I’d never loaded FMJs but since my experience with Elite ammo was good, I thought in my own humble way I’d try to reverse engineer a load with what I perceived was a Zero bullet. (Got all that?)
On to the JHPs. Both the HAP from Hornady and the Zero JHP look have almost the same dimensions and not surprisingly shared the same deadly accuracy. Both the 115 HAP and 115 Zero bullets have a sleek and balanced nose that resembles an ICBM. This helps consistent and reliable feeding in sem-autos.
I also loaded Hornady XTPs, which are used extensively in hunting, self-defense and law enforcement applications. Although they are designed for expansion, they also work quite well as target bullets. Unlike the HAP (and Zero) design the XTPs have serrations that divide it into symmetrical sections. This weakens the jacket and allow for expansion, even at low velocities. Of course, when you’re shooting at paper, this is not a factor.
Most of the 115 bullets I loaded were with Western’s Silhouette Powder, which was formerly Winchester Action Powder (aka WAP). It’s one of these products you don’t hear a lot about anymore but it works great with the Zero and Hornady JHPs.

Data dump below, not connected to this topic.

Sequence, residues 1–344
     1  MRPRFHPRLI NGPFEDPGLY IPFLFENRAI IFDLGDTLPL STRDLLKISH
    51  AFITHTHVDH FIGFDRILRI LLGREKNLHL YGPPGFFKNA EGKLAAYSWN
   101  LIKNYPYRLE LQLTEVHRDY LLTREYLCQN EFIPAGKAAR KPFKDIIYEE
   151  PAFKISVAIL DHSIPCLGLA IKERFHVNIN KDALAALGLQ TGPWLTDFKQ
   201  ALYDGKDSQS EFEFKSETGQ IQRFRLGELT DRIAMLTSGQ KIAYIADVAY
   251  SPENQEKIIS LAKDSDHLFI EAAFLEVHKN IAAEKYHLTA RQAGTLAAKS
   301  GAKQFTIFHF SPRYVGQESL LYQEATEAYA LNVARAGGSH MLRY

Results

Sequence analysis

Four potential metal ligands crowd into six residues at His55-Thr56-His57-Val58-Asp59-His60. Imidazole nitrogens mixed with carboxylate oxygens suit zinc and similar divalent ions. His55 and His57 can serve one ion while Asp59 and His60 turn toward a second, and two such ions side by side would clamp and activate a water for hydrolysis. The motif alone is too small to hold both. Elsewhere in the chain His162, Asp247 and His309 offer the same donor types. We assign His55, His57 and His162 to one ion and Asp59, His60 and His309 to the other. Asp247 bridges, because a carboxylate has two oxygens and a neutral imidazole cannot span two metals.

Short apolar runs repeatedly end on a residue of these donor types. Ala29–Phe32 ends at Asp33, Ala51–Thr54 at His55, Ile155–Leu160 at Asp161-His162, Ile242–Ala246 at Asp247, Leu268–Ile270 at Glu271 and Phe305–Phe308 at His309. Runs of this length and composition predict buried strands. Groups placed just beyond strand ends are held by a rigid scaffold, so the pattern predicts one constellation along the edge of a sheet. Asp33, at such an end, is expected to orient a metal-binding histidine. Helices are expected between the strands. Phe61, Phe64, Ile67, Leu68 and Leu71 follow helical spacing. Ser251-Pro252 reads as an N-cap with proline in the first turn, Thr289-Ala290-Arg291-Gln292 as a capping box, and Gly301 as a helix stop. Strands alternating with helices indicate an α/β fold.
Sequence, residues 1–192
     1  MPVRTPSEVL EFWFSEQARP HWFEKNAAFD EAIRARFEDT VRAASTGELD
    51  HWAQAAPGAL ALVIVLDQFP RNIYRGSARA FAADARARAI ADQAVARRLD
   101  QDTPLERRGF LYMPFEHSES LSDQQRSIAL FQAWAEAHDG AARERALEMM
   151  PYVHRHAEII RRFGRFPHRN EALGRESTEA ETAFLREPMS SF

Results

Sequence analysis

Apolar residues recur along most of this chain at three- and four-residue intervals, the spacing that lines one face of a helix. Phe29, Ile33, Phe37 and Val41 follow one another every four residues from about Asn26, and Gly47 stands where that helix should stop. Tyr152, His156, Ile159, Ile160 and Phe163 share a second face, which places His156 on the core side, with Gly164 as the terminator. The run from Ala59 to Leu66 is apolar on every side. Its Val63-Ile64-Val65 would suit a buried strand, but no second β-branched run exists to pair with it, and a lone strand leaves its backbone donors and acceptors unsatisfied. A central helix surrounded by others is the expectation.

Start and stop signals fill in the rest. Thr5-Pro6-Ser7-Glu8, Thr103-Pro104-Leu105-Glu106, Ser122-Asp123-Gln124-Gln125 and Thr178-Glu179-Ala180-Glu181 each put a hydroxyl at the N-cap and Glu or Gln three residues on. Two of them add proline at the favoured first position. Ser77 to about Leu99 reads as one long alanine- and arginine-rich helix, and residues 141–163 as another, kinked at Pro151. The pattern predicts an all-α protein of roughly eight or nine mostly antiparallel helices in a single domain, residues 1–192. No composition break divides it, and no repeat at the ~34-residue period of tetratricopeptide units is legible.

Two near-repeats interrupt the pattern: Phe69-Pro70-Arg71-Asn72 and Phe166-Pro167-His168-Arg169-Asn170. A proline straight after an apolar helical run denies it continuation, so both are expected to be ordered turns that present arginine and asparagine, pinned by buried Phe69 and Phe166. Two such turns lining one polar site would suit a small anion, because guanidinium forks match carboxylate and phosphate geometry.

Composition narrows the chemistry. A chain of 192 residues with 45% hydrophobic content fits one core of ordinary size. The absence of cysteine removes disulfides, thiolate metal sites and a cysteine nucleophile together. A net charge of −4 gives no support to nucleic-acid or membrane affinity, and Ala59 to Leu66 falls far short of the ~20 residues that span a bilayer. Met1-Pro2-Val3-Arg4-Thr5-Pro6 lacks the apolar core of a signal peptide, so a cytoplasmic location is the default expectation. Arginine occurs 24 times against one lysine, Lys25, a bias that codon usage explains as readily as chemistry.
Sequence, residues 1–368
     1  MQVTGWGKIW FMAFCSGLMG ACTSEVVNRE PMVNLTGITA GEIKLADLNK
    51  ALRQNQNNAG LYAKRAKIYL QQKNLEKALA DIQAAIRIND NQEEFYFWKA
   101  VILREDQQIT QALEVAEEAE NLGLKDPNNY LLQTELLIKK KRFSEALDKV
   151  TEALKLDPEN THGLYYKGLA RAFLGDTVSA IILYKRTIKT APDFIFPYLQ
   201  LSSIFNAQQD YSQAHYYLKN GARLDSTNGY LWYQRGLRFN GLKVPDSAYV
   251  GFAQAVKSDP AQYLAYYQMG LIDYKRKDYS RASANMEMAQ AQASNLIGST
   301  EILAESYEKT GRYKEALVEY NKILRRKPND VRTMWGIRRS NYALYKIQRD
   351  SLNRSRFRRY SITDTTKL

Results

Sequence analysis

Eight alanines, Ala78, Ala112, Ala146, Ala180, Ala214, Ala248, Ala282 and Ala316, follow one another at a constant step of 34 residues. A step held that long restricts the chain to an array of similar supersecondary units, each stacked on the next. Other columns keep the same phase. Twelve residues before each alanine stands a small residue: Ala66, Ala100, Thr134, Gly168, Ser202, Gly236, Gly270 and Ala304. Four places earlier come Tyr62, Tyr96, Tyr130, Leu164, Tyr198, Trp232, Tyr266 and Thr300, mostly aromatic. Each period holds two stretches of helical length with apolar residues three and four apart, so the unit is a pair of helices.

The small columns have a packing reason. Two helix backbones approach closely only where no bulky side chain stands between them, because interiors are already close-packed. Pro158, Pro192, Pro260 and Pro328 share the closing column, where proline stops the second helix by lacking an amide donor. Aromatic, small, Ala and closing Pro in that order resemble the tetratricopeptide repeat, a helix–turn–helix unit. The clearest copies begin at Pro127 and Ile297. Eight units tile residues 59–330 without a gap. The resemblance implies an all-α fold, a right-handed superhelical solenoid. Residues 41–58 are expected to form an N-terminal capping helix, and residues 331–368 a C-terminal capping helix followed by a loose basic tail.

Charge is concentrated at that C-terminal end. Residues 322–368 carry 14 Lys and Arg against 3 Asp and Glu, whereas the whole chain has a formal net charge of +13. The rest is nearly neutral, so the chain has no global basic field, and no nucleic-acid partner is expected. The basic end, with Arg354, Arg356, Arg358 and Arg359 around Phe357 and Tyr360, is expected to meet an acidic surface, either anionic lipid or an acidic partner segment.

I also used Silhouette with the Zero FMJ and it performed admirably. Finally, I loaded Accurate #7 with the 115 HAP and had an exceptionally tight group. This powder was developed specifically for the 9mm bullets and it’s a perennial favorite.
According to Alison Harbison, a spokeswoman for Zero, the most popular selling 115 gr bullet in their line is their 9mm 115 FMJ (#126). She says it’s great for target shooting (and I’d have to agree) and an economical as well.
124/5 grain bullets